GM investors bet lifeline from U.S. won’t be enough
General Motors Corp. Chief Executive Officer Rick Wagoner said the biggest U.S. automaker got "what we asked for" with $9.4 billion in U.S. loans over the next 24 days. Investors bet that it's not enough, Bloomberg reported.
GM dropped as much as 18 percent today in New York trading to extend yesterday's 22 percent plunge, while credit-default swaps on GM bonds rose 0.5 percentage point in a sign of increasing concern that the Bush administration's bailout may end in a default.
The stock-price slide erased the 23 percent gain on Dec. 19, when Detroit-based GM received a federal aid package to help the automaker stay in business until March 31 while it crafts a plan to shut plants, shed brands and reduce debt.
"It's almost impossible for a management that invested in the assets, that hired the people, that put forth the strategy, to change so dramatically in such a short period of time," Edward Altman, a New York University finance professor who created the Z-score formula to measure bankruptcy risk, said in a Bloomberg Television interview.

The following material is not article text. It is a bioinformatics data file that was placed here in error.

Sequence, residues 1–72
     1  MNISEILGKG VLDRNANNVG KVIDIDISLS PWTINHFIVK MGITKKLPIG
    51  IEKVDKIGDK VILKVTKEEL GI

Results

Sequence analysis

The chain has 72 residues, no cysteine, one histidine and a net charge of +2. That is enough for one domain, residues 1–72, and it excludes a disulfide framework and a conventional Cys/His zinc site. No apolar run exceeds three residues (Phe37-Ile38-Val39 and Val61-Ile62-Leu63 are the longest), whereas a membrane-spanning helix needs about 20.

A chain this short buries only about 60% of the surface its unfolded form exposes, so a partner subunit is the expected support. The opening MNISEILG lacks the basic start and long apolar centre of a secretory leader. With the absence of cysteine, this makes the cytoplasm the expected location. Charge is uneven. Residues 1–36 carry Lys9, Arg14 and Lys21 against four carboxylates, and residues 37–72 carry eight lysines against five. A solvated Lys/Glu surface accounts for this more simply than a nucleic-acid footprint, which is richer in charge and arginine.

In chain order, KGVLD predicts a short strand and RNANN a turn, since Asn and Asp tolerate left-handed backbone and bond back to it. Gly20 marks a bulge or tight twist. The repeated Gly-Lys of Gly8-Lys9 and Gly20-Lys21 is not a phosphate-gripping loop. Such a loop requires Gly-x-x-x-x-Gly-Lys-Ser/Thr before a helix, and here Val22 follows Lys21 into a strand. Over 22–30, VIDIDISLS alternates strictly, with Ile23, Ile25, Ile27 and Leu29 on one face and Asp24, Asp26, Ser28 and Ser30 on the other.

There is a "high" likelihood of a GM bankruptcy, Standard & Poor's said yesterday in reducing the rating on the company's unsecured debt to C, or 11 grades below investment quality. Robert Schulz, an S&P analyst in New York, said creditors can expect "negligible recovery" should the automaker default.
GM has slashed output and won union concessions since saying Nov. 7 it may run out of operating cash by year's end. The automaker said it would need as much as $18 billion in aid or face a possible bankruptcy.